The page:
Skip to Content
Climate change

MIT researchers say nuclear fusion will feed the grid “in 15 years”

A new research push aims to make the silver bullet for our energy problems a reality by 2033—a very ambitious target.

The news: MIT says its researchers will work with a new company called Commonwealth Fusion Systems, funded by $50 million from Italian energy firm Eni, to “carry out rapid, staged research leading to a new generation of fusion experiments and power plants.”

Huge potential: Using the same process that powers the sun, fusion could, in theory, provide limitless, cheap, clean energy. MIT says its new venture will use “advances in high-temperature superconductors” to contain the fierce reactions more effectively than existing setups, allowing higher temperatures and net energy production.

The claim: Bob Mumgaard, CEO of CFS and until recently a postdoctoral researcher at MIT, tells the Guardian, “The aspiration is to have a working power plant in time to combat climate change. We think we have the science, speed, and scale to put carbon-free fusion power on the grid in 15 years.”

But: Nuclear fusion has been a promised technology for decades. Many large projects, such as the International Thermonuclear Experimental Reactor, have suffered delays and overspending. Smaller fusion experiments have received more funding recently, but a deadline of 15 years still seems hugely ambitious.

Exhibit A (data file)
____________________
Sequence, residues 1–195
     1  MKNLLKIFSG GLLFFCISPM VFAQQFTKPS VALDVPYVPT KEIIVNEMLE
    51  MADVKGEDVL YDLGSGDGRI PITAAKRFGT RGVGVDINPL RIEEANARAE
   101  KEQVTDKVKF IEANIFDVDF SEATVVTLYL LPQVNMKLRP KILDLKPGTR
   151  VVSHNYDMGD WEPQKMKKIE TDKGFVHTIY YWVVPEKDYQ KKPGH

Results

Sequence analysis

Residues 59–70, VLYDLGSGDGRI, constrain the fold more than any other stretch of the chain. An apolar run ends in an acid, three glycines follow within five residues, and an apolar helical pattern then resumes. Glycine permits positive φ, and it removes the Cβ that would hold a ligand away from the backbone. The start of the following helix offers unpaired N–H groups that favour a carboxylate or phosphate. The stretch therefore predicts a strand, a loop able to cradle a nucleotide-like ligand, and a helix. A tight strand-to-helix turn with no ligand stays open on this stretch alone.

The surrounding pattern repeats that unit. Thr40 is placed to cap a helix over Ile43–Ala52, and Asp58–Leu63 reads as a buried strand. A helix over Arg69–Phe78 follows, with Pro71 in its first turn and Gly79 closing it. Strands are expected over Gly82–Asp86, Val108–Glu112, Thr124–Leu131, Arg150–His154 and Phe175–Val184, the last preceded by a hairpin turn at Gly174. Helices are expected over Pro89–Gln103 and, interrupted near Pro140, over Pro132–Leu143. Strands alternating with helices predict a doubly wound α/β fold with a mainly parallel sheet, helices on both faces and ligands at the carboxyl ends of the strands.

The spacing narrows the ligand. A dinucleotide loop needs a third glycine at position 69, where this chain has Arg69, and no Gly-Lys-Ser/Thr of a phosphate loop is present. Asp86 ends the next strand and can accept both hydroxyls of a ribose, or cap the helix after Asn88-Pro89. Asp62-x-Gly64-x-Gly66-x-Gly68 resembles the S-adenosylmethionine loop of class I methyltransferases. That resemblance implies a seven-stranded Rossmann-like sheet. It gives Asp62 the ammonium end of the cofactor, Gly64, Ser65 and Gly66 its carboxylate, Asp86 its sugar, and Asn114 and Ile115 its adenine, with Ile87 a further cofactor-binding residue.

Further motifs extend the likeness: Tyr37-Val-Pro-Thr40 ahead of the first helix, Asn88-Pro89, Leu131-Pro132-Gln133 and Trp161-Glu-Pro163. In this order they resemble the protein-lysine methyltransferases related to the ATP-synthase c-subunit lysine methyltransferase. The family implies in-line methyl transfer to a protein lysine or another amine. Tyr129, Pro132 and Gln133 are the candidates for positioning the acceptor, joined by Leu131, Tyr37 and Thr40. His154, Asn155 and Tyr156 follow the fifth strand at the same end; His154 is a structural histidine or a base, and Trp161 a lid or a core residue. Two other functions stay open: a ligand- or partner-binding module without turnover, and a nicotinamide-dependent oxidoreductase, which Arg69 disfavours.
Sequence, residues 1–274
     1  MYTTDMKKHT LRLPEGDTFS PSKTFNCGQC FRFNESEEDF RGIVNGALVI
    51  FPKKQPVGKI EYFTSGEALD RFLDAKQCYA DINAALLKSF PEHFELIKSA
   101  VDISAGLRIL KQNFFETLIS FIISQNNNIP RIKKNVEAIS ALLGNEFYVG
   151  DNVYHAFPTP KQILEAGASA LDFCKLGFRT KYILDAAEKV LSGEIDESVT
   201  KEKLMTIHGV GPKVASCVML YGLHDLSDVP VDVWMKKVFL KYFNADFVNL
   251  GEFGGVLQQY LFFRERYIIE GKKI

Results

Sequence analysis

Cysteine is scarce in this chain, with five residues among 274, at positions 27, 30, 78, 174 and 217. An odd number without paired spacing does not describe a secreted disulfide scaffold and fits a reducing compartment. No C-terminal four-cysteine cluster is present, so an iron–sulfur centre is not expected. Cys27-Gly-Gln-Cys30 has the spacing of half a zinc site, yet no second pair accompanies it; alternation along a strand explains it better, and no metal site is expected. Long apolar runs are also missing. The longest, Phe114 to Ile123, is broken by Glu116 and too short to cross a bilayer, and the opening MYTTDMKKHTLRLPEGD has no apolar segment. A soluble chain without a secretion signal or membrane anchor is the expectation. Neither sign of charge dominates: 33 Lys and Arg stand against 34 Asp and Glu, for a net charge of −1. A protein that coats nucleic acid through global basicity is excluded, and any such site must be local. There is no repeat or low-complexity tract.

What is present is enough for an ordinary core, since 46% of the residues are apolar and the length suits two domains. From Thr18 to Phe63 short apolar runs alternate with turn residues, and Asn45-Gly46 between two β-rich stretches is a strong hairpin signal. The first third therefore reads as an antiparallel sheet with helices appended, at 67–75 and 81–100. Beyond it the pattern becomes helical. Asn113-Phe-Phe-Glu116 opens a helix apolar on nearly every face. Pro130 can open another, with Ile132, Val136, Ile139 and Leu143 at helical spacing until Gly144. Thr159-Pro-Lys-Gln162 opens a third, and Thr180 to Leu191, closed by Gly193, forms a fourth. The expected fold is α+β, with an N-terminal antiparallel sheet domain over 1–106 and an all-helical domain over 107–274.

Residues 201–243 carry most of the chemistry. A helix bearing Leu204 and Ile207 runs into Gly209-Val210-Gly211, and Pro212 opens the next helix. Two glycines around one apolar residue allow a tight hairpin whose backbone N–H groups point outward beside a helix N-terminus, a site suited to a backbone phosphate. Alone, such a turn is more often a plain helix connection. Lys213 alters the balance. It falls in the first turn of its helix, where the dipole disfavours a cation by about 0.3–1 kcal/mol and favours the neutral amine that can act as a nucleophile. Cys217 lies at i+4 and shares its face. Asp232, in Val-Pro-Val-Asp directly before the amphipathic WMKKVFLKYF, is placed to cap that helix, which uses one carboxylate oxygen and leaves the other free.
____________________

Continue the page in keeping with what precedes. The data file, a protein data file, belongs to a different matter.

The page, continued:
Deep Dive

Climate change

China’s heat wave is creating havoc for electric vehicle drivers

The country is a leader in EV adoption, but extreme weather is exposing weaknesses in its charging infrastructure.

We must fundamentally rethink “net-zero” climate plans. Here are six ways.

Corporate climate plans are too often a mix of fuzzy math, flawed assumptions, and wishful thinking.

This is what’s keeping electric planes from taking off

Batteries could power planes, but weight will limit how far they fly.

Stay connected

Illustration by Rose Wong

Get the latest updates from
MIT Technology Review

Discover special offers, top stories, upcoming events, and more.

Thank you for submitting your email!

Explore more newsletters

It looks like something went wrong.

We’re having trouble saving your preferences. Try refreshing this page and updating them one more time. If you continue to get this message, reach out to us at customer-service@technologyreview.com with a list of newsletters you’d like to receive.